Gay Head Lighthouse, Aquinnah, Martha's Vineyard, Massachusetts
GAY HEAD LIGHT
Location: AQUINNAH (GAY HEAD) CLIFFS, WESTERN END OF MARTHA’S VINEYARD, ENTRANCE TO VINEYARD SOUND, NEAR AQUINNAH, MASSACHUSETTS
Station Established: 1799
Year Current Tower(s) First Lit: 1856
Foundation Materials: UNKNOWN
Construction Materials: BRICK/SANDSTONE
Tower Shape: CONICAL
Markings/Pattern: RED BRICK W/BLACK LANTERN
Relationship to Other Structure: SEPARATE
Original Lens: FIRST ORDER FRESNEL
* On November 18, 1799 the first lighthouse at Gay Head went into service. The 47 foot octagonal tower guided traffic by the Gay Head cliffs and the Elizabeth Islands through the Vineyard Sound. Under the water is a natural obstruction called the Devil’s Bridge which makes the passage treacherous.
* In 1838 the lantern and deck were rebuilt. The tower was lowered three feet. Earlier the tower had been lowered by 14 feet for the light to be seen under the fog.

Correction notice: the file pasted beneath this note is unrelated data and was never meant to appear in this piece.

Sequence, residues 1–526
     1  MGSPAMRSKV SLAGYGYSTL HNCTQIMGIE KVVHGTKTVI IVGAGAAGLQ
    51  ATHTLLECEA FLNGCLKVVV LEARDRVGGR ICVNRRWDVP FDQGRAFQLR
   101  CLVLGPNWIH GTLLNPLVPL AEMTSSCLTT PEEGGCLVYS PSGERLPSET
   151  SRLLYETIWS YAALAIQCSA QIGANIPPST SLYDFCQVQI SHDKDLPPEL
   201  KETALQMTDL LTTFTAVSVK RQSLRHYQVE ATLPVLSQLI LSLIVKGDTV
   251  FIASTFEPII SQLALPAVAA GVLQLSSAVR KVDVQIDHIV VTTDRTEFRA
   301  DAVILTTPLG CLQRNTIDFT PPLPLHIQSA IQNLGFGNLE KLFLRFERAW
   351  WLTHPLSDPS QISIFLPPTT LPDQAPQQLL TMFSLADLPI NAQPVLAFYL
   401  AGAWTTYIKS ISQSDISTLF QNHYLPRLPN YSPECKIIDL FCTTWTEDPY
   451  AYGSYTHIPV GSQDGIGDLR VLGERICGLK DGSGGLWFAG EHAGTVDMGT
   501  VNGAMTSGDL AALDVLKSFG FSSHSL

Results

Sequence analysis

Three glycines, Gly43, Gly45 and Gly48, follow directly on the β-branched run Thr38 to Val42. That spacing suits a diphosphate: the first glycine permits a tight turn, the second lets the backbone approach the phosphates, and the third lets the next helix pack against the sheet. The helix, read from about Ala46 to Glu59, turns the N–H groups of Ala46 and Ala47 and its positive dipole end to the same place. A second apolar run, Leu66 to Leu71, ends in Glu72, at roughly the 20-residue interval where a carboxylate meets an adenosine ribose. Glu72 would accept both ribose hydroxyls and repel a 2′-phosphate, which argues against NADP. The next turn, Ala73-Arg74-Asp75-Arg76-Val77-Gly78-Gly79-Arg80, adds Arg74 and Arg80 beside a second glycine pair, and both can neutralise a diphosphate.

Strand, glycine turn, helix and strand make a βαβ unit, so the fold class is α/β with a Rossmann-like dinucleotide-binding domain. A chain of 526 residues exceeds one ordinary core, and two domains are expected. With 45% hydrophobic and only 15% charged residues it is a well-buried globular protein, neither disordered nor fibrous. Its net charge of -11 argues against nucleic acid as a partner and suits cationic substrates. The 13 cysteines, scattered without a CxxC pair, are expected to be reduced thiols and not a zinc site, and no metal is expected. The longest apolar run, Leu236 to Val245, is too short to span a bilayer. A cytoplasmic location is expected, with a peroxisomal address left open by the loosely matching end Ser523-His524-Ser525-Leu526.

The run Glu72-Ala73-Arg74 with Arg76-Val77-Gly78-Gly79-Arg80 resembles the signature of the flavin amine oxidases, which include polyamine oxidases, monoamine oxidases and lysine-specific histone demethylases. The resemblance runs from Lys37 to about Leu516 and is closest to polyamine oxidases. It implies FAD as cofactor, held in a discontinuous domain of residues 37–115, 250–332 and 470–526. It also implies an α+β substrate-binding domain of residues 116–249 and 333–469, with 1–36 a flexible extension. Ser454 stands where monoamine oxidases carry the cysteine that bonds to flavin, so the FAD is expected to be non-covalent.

* The tower was in disrepair and dangerously close to edge of the cliffs. In 1854 construction started on a new tower. The new conical tower was 51 feet tall and would house an enormous first order Fresnel lens.
* Gay Head was listed as one of the most important lighthouses in the US. It was also one of the first to receive a Fresnel lens.
* The extreme dampness on the island was responsible for at least three keepers’ deaths. The lighthouse board built new quarters for the keepers on much higher and dryer ground.
* In 1952, the light was automated. The lens is on display at the Martha’s Vineyard Historical Society Museum in Edgartown, Massachusetts.
* The tower is open to the public during very specific hours. The light remains an active aid to navigation. The rest of the buildings at the station were destroyed.
Researched and written by Melissa Buckler, a volunteer through the Chesapeake Chapter of the U.S. Lighthouse Society.